Ultimately, The Girl on the Train is a page-turner, even to the final pages. Just when I thought the story was over, it wasn’t. The book is full of twists and turns, and each character is more pathetic and crazy than the next. Even as we, as the reader, are inside the heads of several characters, they each have so many issues, it’s hard to tell what they’re actually thinking and where the story will actually go. Dark and twisty, The Girl on the Train is compelling and raises the question how well do you really know anybody?

MVP: Rachel. She is a hot mess. Most of the book, I cringed on her behalf, wondering why she couldn’t get it together. But I wanted her to be right, and despite her repeated failures and embarrassment, she’s never gave up, and resilience is commendable.

Get The Girl on the Train in hardcover for $16.17.

Or on your Kindle for $6.99.

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Review: Amazon Burning

Recap: When a traumatic and potentially life-ruining legal matter threatens Emma Cohen’s shot at finishing college, she takes a sabbatical — which isn’t really much of a sabbatical at all — interning for the newspaper her father works for during a summer in Rio De Janeiro. It starts out fun, but quickly becomes dramatic when a famous environmentalist is suddenly murdered.

She flies with her father to the Amazon to cover Milton Silva’s suspicious death and funeral. Along the way, she meets a good-looking photographer, Jimmy, but because of her ongoing legal battle in New York, she must keep her hands off. Emma decides to focus on the story of Milton Silva and — together with Jimmy — begins to investigate.

But the deeper they dig, the more they come across crime and suspicious activity. Add to that the craziness and chaos of Amazonian weather and and you’ve got yourself a crazy thriller-adventure with a little romance mixed in.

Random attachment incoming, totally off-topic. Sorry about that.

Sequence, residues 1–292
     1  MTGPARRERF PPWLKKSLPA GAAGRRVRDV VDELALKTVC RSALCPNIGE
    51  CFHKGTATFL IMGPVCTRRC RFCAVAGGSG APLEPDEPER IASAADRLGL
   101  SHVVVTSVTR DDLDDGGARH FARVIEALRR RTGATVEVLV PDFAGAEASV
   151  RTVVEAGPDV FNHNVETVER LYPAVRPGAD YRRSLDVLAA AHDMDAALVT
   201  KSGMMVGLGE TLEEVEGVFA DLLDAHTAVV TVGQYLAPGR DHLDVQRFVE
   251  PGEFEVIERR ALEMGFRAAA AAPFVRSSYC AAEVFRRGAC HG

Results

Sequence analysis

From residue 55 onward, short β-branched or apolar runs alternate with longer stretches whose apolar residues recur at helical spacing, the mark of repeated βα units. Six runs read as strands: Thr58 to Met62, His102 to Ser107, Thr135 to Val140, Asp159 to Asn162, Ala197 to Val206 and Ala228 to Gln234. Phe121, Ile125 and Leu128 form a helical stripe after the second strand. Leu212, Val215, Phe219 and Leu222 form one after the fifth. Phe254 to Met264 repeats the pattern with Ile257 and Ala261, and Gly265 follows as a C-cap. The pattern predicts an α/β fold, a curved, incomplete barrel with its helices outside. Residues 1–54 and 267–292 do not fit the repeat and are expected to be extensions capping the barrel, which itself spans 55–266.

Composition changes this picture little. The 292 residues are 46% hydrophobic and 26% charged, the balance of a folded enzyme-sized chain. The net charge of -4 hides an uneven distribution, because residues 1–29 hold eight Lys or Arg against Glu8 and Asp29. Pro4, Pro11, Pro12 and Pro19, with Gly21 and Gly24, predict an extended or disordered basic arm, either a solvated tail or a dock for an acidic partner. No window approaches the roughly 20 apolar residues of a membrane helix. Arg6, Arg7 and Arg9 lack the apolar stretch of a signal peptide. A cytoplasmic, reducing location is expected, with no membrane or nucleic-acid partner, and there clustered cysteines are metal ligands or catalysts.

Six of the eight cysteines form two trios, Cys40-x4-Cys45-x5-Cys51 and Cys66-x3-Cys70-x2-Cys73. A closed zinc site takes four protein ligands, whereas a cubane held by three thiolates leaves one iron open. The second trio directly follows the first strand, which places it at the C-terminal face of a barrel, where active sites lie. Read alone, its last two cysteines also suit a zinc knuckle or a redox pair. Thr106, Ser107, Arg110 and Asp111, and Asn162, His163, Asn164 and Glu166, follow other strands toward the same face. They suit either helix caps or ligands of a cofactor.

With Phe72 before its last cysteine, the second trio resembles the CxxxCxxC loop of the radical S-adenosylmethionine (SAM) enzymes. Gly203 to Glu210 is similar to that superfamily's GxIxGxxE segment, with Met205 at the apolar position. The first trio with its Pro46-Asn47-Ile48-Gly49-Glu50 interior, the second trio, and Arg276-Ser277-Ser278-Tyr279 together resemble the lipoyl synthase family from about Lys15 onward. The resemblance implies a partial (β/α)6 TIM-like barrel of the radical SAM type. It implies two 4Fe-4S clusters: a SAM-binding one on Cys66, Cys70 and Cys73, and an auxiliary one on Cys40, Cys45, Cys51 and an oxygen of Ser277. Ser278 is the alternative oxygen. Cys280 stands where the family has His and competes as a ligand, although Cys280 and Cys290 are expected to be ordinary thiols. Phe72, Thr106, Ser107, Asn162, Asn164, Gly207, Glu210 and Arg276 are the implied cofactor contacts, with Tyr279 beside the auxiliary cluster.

AnalysisAmazon Burning starts off strong. There’s a mysterious murder. There’s a college girl, with a secret of her own, working to uncover all the details. There’s a sexy man, a sexy location and a sexy summer season. But the story itself doesn’t exactly live up to the hype.

As Emma and Jimmy get deeper and deeper into their investigation, they open up, and we finally learn what Emma’s secret is. But their investigation doesn’t go as far as they’d like. They get closer and closer, but ultimately reach several dead ends. As it turns out, the biggest plan they coordinate winds up screwing up a federal investigation that’s going on at the same time.

As much I wanted to root for them, their inability to solve the case made it hard. Then I got to thinking — why would they even try to solve it? As a journalist, I understand the job of a reporter, and of course, were one to come across a case that they thought they could solve, that’s great. But more likely than not, reporters are following cases and  reporting on them, not solving them themselves. That’s the job of an officer or detective. The journalist aspect story seemed far-fetched, especially by involving a college student. And when Emma and Jimmy wind up failing anyway, it makes the story that much more unfulfilling.

Get Amazon Burning in paperback for $9.74.

Or on your Kindle for $4.99.

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Review: I’m Glad I Did

Recap: JJ Green comes from a family of lawyers, and she’s expected to become one as well. But as a 16-year-old growing up in New York City in the 1960s, she doesn’t want to be a lawyer; she wants to be a songwriter. She lucks out when she nails an interview and lands herself an internship at one of the biggest music publishing offices in the city. That’s when she makes a deal with her parents: if she writes and sells a song to be published by the end of her summer internship, her parents will have to let her continue on the songwriting path.